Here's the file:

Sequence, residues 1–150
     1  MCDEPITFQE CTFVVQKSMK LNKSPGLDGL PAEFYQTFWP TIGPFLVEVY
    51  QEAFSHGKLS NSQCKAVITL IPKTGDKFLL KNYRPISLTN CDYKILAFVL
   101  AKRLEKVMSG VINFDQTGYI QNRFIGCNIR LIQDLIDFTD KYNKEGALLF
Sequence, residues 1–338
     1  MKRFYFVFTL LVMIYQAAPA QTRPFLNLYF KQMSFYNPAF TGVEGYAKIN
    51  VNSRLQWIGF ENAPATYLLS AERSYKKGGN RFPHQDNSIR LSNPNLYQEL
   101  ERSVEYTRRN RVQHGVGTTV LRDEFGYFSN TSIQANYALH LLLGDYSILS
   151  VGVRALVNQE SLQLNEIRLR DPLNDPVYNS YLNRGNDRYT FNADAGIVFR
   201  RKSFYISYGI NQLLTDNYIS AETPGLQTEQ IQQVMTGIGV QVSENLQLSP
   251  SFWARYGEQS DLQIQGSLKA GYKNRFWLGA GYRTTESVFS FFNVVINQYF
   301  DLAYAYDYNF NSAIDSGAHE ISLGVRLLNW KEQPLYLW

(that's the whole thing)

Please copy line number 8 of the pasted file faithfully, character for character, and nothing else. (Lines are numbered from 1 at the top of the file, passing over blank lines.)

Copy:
   101  ERSVEYTRRN RVQHGVGTTV LRDEFGYFSN TSIQANYALH LLLGDYSILS